a Tu B’ Shevat collection to brighten the last months of winter.
What is Tu B’ Shevat?
Jewish mystics called this time the birth of the Tree of All Life; the birthday of creation. It falls on the full moon of the month of Shevat (roughly January to February) when it is said all trees have their birthday. It is a time full of beautiful stories, creativity and wonder at the splendor of life, as winter begins to melt into spring. Linking to many other nearly forgotten late winter world festivals, celebrating the thaw and promise of warmer days, it is a festival of hope for all humans and fellow creatures. At the same time, those south of the equator tend and plant trees and harvest and share their produce.
A special meal is eatten made entirely of different varieties of nuts and fruits, and white and red wine or grape juice that is slowly blended to from clear through rose to mainly red to emulate both creation and the changing season. This is called the Tu B’Shevat seder or Peri Eitz Hadar which is loosely translated as book of the insider or initiate. It is a participatory story of the creation of the world, or Tree of Life through different realms of spiritual manifestion and conciousness that are connected to different aspects of our souls, and different elements in nature.
The practice has evolved into many interpretations, and they have fairly deep roots. This seder dates back to the middle ages and primarily Sephardic Jews including Issac Luria and a place called Safed, were Jewish mysticism gave birth to kabballah. They in turn based it on wisdom from Torah, nature and midrash. I’ve long been intrigued by someone called Antonia Francessca, who it was reported was deeply helpful in her dreams and interpretations to the largely male kabbalists known of the time. My interest raised, of course, by the similarity in our names, but also because she was an influencial woman we know only through the reports of men.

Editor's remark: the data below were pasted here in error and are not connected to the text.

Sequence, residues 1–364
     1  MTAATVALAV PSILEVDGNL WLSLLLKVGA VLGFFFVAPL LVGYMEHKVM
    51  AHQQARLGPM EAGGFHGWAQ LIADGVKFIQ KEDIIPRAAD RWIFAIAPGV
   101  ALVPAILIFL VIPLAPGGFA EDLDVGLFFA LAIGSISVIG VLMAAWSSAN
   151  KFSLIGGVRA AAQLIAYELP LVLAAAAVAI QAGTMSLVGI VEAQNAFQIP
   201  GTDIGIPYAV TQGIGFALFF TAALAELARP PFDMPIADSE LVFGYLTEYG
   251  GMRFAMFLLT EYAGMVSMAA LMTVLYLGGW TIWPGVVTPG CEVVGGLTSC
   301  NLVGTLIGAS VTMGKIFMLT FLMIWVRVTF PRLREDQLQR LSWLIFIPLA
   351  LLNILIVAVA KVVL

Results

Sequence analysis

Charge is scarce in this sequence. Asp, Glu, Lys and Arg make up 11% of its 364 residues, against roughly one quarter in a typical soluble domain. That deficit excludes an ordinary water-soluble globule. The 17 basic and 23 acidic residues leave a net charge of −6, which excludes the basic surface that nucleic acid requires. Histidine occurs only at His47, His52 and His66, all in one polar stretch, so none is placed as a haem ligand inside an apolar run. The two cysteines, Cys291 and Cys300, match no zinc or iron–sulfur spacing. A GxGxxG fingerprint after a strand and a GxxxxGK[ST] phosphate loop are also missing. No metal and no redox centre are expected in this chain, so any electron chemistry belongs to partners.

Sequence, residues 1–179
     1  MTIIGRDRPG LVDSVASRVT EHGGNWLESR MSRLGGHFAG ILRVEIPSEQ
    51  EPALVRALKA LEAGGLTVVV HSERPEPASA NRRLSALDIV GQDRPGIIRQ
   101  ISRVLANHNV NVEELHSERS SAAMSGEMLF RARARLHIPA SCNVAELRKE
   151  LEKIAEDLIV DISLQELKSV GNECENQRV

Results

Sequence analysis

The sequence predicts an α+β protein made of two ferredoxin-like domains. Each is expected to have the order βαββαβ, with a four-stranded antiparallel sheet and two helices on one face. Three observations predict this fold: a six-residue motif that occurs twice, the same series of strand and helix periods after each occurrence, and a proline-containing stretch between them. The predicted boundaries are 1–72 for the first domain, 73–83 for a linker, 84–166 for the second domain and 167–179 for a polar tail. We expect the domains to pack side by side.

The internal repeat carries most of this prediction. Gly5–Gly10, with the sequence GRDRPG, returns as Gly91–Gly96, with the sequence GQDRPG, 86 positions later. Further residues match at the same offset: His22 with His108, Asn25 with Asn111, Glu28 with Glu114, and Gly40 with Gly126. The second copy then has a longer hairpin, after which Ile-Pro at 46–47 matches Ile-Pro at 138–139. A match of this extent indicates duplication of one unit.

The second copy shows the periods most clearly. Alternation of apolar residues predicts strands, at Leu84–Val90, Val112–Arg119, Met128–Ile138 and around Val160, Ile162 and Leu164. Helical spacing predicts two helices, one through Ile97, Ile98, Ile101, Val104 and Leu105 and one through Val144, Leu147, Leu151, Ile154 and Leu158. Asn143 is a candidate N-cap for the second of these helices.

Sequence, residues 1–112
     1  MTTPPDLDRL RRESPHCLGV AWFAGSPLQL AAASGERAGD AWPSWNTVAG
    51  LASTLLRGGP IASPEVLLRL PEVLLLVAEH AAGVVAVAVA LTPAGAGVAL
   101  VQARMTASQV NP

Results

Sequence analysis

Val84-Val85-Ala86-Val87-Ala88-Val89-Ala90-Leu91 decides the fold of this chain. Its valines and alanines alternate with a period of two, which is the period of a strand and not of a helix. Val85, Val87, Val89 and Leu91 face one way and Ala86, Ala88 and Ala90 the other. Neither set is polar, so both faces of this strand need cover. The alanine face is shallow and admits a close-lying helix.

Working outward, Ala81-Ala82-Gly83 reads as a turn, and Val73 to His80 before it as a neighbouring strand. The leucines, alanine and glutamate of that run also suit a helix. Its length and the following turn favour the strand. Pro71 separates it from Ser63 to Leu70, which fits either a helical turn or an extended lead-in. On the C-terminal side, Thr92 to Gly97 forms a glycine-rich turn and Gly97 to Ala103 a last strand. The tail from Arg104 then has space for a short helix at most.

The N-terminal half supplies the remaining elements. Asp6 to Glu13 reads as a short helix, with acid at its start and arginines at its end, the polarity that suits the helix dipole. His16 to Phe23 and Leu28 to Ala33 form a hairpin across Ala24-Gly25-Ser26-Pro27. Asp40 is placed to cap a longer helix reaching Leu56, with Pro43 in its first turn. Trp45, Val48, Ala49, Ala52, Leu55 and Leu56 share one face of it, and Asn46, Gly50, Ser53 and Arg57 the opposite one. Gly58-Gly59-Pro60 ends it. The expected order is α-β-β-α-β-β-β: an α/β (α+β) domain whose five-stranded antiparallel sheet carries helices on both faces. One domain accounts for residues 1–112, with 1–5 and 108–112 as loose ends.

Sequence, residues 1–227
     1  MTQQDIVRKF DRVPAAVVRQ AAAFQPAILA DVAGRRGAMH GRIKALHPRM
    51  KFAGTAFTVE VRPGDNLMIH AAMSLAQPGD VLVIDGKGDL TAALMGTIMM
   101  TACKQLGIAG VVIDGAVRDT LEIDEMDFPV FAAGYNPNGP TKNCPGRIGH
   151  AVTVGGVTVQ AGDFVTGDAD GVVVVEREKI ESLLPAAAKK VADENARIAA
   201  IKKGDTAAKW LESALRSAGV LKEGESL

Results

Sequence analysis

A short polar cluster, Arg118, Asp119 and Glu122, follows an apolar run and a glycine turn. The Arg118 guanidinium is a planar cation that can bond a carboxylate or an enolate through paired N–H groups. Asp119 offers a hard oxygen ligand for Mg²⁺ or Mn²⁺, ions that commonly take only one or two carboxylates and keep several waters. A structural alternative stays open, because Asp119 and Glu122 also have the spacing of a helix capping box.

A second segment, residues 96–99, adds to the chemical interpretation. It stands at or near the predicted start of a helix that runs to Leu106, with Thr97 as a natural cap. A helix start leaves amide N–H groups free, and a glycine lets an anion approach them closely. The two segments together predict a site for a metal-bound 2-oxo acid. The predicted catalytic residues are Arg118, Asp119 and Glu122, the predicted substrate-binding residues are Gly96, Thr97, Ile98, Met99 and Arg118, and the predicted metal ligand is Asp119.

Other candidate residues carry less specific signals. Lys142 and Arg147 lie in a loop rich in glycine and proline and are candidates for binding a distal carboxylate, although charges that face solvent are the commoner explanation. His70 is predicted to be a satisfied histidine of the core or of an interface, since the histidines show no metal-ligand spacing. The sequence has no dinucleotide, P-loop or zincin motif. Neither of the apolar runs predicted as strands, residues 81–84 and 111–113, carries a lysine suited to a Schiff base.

The Tree of Life is an image that can be found across so many ancient cultures and different faiths. This makes sense because it embraces all life-forms. From Yggdrasil of the Norse, Hinduism to ancient American cultures, from China to Germany, ancient Iran and ancient Mesopotamia to Buddism, Islam, Christianity and the Bahai faith. The commonality of this beautiful imagery that reminds us of our connection to nature, fellow creatures and fellow humans, while also honouring diversity, has always been something that makes me hopeful in the most tangible ways. I think of this and I am lifted. Humans are one branch with many shoots.
The Tree of all Life is said by Jews to be created by the vibrations of letters, or the word of the Divine, Tu B’ Shevat is a time of poetry and tales old and new. It is also a celebration and protection of nature.
In the agricultural year only trees over 3 years old can be harvested for fruit, and then only to give to those most in need. On year 5 and after, a percentage was always to be given to those struggling and those without land or home. It has become a festival of environmentalism and social justice. (For source material see Leviticus 19:23-25)
It is also the month of my birthday. By the Hebrew calender I was born just past the new moon. Jewish months always begin on the first sliver of the moon. The secular/Gregorian calender measures time differently. I wanted to reach out and share it this year, with narratives of hope and resilence for anyone who needs it.
It is a time of year associated by many with the blues, but this birthday of the Tree of Life, and these festivals of life-welcoming can help break through the ice of a difficult year and add candles to our daily lives.
“She is a Tree of Life for all who embrace her, and all of her ways are branches of blessing.”Proverbs 3:18